Chelsea’s New Owner Is Bringing MLB-Style Contracts to the Premier League

Will that move work in the long term?

Mykhailo Mudryk
New Chelsea player Mykhailo Mudryk is presented to the fans at half time during the Premier League match between Chelsea FC and Crystal Palace at Stamford Bridge on January 15, 2023.
Sebastian Frej/MB Media/Getty Images

There’s an art to building a successful team, and it can vary dramatically from sport to sport. That doesn’t mean that some ownership groups haven’t sought to have a hand in different games, with 49ers Enterprises’ takeover of Premier League team Leeds United being only one of many examples. Todd Boehly, who’s part of the Los Angeles Dodgers’ ownership group, also headed the group that bought Chelsea F.C. last year. And it’s there that things get interesting for Chelsea, for the Premier League and for global soccer as a whole.

At the beginning of this season, numerous observers of the sport pointed out that “pillow contracts,” a concept generally associated with baseball, were seeing an uptick in the Premier League. Now, the opposite is taking place — as Dan Sheldon writes at The Athletic, a number of Chelsea’s recent high-profile signings were signed to years-long deals that you’d typically associate with Boehly’s U.S. team than his English one.

As Sheldon notes, Wesley Fofana, Benoit Badiashile, David Datro Fofana and Mykhailo Mudryk all signed deals that lasted seven years each — and sometimes did so for much longer. Sheldon’s article offers an in-depth look of the pros and cons of the size of these contracts — and points out that getting a star player with a set salary over the better part of a decade can make long-term sense.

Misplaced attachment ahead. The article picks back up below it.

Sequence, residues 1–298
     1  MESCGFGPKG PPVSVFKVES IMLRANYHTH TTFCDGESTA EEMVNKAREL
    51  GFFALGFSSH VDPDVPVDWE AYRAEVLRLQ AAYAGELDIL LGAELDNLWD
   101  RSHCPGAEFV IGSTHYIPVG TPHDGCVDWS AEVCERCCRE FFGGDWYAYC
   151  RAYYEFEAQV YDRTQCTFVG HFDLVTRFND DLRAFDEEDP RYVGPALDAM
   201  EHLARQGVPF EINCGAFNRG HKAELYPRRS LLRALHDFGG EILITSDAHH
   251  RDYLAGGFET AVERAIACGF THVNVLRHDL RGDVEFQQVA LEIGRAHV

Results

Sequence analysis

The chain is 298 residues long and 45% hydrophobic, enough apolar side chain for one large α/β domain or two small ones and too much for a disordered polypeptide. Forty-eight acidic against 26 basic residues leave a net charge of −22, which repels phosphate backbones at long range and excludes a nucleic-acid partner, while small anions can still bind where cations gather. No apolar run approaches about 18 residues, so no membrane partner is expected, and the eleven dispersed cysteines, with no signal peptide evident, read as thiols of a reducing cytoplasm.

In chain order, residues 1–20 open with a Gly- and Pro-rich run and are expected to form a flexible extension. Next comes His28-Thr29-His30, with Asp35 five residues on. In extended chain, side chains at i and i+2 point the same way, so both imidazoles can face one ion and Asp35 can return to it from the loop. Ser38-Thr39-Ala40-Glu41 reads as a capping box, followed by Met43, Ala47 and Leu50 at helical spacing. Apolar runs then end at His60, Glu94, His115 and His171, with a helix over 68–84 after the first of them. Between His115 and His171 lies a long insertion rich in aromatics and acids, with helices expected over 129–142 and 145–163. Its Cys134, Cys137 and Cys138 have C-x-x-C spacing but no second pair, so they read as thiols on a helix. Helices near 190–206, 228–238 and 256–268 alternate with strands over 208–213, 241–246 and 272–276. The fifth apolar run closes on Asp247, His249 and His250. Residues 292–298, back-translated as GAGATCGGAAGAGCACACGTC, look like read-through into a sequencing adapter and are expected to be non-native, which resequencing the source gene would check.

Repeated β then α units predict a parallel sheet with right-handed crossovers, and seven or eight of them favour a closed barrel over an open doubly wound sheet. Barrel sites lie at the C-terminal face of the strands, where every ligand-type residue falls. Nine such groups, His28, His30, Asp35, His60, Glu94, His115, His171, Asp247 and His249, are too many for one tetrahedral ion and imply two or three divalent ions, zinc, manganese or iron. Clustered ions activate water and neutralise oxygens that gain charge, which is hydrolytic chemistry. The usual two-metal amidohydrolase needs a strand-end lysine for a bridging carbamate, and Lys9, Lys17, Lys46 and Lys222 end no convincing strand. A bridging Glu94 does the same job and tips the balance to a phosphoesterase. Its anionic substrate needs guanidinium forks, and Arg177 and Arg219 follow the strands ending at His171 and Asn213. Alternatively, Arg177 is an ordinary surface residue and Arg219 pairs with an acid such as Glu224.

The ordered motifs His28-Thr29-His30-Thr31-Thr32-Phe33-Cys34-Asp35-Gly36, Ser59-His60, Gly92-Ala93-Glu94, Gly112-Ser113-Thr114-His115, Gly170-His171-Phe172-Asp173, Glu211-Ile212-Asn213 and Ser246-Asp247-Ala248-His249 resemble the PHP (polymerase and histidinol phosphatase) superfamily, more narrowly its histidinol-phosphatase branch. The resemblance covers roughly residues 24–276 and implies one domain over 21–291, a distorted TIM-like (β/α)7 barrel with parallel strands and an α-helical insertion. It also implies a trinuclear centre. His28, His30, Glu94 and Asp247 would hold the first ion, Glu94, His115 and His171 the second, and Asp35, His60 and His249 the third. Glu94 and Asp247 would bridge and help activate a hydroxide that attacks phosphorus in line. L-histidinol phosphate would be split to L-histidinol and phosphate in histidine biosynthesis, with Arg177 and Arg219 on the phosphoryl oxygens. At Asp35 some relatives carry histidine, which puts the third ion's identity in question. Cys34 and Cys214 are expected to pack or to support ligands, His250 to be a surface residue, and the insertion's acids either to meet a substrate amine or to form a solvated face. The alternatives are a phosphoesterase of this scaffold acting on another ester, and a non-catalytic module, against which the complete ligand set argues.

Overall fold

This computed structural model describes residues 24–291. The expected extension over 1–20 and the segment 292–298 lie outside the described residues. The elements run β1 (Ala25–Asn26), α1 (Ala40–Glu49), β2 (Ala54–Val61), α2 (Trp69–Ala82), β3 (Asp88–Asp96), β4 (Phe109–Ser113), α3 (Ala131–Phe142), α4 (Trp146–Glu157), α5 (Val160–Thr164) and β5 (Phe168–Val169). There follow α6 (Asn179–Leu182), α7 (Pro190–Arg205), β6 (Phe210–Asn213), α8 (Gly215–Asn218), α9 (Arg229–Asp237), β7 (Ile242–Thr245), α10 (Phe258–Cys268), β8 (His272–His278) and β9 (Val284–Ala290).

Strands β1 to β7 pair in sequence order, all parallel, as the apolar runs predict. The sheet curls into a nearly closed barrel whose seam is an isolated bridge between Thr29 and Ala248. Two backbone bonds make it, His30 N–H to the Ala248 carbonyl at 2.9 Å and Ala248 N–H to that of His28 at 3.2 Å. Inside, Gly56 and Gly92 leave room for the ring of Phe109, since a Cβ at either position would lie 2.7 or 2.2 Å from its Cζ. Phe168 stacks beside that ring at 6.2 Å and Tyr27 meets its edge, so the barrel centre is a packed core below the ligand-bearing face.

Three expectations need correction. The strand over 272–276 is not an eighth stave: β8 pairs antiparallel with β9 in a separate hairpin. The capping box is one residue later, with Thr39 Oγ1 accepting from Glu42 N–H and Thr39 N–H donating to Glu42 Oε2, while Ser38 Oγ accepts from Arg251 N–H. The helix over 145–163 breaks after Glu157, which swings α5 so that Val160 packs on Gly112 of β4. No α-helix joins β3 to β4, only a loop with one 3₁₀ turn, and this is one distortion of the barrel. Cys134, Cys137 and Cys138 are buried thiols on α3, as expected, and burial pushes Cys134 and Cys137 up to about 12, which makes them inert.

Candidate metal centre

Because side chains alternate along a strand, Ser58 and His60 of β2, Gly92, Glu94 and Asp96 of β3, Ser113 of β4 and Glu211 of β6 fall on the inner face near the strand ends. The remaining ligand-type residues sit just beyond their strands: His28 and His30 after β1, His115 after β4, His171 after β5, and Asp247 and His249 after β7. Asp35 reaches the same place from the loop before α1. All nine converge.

That’s not to say that MLB-style contracts always make sense, though — the case of Bobby Bonilla getting paid by the Mets well past his playing days immediately comes to mind. As for what to think of these Chelsea deals, it’s worth pointing out one of the bigger differences between MLB and the Premier League — namely, that the last year of a player’s contract often leads to that player being transferred to another team. (See also: the debate over Harry Kane’s future.) Chelsea’s long-term deals feel like a way around complicated situations like this — but we’ll have to see if they lead to further complications down the line.

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